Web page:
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Discussion in 'Pre-Medical - MD' started by redsoxfan4, Apr 27, 2012.
Something similar happened to me freshman year, and it was basically a warning that, if I messed up again, action would be taken. Since you're on "probation," it sounds like your situation might be similar--don't mess up again, and you won't have any sort of permanent institutional action.
Medical schools don't specifically ask if you've ever been on housing probation, but you are required to report if any institutional actions have been taken against you. This may or may not qualify as an institutional action depending on things like whether it will disappear/be expunged, whether it is strictly a housing issue or whether it goes on your university disciplinary record, etc. The best person to answer these questions is probably your registrar, someone in student judicial affairs, or the res life coordinator. If you ask to see a copy of your student disciplinary record and they tell you you don't have one (or it's clear), then it's probably not something you need to report.
EDIT: Here is the relevant quote from the 2012 AMCAS instruction manual.
Basically, it comes down to whether a warning/probation counts as an "action" by your school, and the best people to answer that question are the people at your school. Good luck!
Definitely double check, but yeah, it sounds like it's something you would need to report. Considering that none of the complaints are for anything illegal (like providing alcohol to minors, etc.), it really doesn't seem like that big of a deal. I'm not an expert though, just a pre-med student, so hopefully someone else can weigh in. Just don't mess up again and explain the situation/what you've learned in the space given on AMCAS. People DO successfully get in with much bigger problems (like DUIs), so this certainly isn't the end of the world.
This is something that you must report. That said, it is NOT the sort of thing that will be a road block to your admisison to medical school but more like a speed bump through the application process.
Common road blocks, in my experience, include cheating and other forms of academic dishonesty as well as thefts. Much less common but very serious would be any kind of violent crime or anything involving sexual misconduct.
Common speed bumps are alcohol violations on campus, other infractions of dormatory rules (e.g. illegal use of a small applicance, noise), speeding tickets, disorderly conduct (carrying a drink in the street and, perhaps related, pissing in an allley), and academic probation that is remediated.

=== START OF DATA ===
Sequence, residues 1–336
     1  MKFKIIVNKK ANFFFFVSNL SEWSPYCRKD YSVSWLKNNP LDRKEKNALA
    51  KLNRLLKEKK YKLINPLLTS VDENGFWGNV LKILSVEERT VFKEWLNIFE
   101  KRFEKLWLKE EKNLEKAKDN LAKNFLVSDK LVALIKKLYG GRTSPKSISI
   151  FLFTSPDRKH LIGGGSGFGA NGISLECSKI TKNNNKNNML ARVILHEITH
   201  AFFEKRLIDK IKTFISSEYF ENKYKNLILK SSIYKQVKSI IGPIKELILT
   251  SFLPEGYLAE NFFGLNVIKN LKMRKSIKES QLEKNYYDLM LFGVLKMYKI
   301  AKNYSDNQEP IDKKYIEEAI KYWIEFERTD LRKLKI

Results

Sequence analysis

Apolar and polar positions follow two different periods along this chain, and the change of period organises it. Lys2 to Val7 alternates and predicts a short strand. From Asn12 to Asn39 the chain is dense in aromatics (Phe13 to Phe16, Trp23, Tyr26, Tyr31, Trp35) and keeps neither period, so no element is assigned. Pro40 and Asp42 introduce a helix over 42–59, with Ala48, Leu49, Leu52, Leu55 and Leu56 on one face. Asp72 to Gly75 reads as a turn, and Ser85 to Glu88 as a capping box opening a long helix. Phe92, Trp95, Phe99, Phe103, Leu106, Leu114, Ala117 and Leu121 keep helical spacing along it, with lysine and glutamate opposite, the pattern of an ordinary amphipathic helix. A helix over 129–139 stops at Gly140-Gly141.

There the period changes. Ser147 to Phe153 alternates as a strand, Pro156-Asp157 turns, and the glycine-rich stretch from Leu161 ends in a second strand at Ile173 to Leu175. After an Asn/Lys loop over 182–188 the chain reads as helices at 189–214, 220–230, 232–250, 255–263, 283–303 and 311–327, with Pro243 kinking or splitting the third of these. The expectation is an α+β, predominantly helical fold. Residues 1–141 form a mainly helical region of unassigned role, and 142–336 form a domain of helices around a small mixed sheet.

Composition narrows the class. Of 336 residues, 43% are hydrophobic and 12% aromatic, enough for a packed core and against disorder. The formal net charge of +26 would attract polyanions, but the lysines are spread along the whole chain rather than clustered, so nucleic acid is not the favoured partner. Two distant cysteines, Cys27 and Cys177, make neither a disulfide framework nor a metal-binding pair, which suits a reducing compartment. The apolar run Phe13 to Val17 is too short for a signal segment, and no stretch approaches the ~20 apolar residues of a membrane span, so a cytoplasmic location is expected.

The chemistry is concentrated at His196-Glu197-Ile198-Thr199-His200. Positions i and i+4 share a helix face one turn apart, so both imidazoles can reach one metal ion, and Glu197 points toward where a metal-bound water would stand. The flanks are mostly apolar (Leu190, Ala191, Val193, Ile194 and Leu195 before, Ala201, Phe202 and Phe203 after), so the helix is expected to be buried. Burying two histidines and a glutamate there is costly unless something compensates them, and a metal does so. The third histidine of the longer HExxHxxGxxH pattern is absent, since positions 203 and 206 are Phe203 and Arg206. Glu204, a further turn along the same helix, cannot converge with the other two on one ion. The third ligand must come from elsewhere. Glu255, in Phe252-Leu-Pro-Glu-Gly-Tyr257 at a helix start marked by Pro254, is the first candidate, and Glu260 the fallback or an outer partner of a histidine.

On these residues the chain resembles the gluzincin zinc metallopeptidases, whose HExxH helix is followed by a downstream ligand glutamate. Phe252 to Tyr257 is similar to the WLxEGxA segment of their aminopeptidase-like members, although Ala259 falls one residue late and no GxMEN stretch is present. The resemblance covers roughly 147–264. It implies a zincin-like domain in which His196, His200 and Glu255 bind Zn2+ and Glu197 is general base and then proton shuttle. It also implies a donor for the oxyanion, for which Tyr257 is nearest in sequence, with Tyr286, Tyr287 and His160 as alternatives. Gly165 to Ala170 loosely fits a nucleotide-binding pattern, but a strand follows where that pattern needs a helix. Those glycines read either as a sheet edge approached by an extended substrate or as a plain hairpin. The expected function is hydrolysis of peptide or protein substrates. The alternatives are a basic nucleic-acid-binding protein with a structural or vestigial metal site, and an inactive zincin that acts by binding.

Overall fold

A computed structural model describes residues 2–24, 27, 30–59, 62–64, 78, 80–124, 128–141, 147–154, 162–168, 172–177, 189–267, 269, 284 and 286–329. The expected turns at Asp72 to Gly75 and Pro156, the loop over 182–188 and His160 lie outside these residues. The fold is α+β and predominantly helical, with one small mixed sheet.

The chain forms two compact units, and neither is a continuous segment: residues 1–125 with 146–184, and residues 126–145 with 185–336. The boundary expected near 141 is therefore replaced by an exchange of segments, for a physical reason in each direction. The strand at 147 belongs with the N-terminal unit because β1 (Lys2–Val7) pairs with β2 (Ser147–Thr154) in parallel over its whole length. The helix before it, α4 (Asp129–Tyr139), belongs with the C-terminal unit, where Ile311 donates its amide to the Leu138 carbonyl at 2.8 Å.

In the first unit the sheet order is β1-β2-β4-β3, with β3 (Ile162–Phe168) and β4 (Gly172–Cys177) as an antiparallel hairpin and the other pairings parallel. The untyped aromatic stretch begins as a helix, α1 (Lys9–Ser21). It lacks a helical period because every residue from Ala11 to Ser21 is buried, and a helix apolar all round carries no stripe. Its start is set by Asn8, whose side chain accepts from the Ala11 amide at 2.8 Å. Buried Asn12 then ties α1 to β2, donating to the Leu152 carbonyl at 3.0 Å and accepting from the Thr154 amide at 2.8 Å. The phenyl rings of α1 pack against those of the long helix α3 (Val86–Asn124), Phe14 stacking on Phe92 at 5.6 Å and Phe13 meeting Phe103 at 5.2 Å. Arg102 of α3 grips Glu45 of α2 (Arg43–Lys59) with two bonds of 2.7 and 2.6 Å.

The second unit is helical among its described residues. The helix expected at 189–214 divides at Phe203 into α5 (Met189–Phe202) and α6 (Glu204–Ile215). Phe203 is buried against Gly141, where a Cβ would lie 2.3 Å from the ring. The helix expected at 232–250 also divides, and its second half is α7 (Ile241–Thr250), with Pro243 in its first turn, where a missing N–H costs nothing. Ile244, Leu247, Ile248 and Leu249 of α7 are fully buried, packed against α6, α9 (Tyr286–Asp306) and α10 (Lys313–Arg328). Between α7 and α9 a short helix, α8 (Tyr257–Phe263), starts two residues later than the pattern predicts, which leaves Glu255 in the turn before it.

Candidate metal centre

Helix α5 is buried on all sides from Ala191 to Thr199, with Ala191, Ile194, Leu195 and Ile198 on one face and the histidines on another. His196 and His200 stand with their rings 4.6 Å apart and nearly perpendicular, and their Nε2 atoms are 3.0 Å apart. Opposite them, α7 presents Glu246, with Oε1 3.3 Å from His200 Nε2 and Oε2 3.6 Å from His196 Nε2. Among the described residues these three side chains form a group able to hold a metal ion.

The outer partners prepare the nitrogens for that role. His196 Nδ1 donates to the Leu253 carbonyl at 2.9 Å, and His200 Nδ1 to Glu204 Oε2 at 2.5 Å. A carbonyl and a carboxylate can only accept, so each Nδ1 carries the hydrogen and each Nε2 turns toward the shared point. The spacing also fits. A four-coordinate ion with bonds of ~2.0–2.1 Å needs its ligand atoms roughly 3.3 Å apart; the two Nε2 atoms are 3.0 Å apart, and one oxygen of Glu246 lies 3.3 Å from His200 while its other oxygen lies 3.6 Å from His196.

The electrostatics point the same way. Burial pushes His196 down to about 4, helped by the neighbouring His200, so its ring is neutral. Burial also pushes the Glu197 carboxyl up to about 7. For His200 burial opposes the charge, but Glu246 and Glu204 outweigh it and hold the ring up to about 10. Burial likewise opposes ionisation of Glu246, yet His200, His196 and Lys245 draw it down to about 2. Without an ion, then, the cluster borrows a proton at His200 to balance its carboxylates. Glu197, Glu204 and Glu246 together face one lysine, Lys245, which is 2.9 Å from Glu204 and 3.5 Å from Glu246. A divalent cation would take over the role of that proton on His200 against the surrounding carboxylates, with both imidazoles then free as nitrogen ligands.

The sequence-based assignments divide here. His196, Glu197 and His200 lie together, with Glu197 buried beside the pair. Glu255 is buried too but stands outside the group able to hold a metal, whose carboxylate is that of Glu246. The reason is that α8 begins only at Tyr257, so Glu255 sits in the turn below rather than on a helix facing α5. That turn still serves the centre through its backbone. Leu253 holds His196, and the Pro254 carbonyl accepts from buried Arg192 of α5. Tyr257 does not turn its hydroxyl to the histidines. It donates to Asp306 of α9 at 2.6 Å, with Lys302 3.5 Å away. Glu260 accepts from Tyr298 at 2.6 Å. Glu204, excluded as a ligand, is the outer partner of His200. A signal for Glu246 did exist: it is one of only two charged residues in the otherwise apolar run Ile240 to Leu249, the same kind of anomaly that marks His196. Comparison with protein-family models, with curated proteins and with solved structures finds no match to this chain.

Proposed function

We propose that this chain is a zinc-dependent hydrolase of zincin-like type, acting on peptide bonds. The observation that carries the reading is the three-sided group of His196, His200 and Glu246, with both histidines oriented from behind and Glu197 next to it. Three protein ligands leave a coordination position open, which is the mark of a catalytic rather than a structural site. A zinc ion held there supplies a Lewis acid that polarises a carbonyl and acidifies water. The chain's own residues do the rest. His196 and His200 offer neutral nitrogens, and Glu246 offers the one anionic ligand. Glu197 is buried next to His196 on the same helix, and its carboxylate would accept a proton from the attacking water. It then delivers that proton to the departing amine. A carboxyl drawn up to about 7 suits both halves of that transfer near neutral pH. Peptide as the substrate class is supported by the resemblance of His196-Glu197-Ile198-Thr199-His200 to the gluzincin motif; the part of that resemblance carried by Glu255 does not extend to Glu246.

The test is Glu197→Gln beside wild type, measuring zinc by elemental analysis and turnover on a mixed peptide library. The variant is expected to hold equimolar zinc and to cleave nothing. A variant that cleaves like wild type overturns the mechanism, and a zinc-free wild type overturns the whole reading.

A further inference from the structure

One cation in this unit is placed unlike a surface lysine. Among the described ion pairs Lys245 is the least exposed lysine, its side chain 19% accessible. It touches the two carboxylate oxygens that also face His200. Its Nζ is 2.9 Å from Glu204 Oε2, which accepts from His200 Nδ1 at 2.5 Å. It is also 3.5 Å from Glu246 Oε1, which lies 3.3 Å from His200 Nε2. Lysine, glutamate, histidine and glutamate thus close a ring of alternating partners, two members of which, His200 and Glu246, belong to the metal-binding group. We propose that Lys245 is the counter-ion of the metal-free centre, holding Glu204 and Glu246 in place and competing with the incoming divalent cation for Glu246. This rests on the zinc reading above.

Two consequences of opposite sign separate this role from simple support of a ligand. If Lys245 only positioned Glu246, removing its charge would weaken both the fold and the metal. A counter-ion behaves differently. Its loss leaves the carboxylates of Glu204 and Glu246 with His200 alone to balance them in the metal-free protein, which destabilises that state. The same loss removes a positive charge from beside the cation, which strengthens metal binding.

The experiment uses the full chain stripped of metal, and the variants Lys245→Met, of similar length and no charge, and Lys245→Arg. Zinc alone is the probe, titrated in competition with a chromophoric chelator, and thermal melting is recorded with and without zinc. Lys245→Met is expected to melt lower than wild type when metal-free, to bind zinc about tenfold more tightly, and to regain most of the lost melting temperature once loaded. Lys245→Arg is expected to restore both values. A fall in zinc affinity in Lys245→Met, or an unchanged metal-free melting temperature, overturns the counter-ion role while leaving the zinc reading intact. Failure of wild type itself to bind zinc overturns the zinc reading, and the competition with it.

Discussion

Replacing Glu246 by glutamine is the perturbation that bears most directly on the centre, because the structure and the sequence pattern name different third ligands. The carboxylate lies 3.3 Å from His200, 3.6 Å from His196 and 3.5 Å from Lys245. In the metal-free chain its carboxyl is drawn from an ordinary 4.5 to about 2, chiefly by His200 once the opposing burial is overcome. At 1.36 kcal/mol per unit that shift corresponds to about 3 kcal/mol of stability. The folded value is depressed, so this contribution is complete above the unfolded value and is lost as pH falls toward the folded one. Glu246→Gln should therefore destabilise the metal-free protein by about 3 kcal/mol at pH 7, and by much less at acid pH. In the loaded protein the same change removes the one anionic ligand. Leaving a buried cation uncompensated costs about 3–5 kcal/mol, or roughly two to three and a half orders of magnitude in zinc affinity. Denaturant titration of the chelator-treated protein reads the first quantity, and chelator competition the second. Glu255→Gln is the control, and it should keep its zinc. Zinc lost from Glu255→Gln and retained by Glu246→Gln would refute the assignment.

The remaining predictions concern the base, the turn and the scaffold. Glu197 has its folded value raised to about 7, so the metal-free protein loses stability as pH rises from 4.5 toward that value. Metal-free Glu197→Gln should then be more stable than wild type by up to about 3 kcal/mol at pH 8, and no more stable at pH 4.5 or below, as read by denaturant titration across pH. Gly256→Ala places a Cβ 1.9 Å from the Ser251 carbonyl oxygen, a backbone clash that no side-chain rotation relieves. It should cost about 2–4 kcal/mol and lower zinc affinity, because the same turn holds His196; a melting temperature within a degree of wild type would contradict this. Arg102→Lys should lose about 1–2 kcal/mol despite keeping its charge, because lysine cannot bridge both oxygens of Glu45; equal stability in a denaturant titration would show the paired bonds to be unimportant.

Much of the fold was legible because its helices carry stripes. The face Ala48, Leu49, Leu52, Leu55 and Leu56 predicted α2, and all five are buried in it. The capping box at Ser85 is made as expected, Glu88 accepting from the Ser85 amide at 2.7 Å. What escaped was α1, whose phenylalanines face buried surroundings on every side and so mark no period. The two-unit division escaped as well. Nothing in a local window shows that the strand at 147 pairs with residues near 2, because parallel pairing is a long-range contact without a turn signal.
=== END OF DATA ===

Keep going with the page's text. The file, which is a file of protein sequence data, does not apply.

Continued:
Misuse of the internet (illegal downloads, using someone else's account for mischief), arrests for small amounts of pot, and driving while intoxicated could go either way and are often entail significant debate by a committee.
really? It's probably a generational thing. I'd bet that next generation it would be in the same category as pissing in an alley.
Illegal downloads are the norm. No college student pays for their entire 30+ GB music collection.
That's the generational thing... the adcom members who I was with on the "Institutional Action review" subcommittee were in the rage of 45-75 years old. It wasn't quite, "What is this internetz thing?" but close to it. Thus it causes debate and can go either way depending on personal viewpoints regarding the "crime".
Wow, really? You'd think that would screw you out of every school, everywhere. I guess if the DUI is in the past, and you've been a model citizen since, they can (hesitantly) look past it.
No college student seems to pay for ANYTHING. Movies games music....
More or less. If you have any other issues you haven't mentioned, or are leaving out additional details about this fiasco, it may be a big deal, but in isolation, they'll read your explanation, shrug, and move on.
haha.. I was on reslife
I do wish you the best. Think you're taking good action by talking to the dean of students. If he can't do anything, at least he can give you some direction.
Blowing a 0.08 at a road block on the way home from Thanksgiving dinner, (no crash, no injuries, etc) could be looked at by some adcom members as "Unlucky bastard. It could have just as easily happened to me." Again, it could create considerable debate and not be a cut and dried at every school.
Perhaps you are on double secret probation.
No adcom will overlook a felony conviction. Except Carribean.
Send me a pm. I have some experience applying (successfully!) with this sort of thing.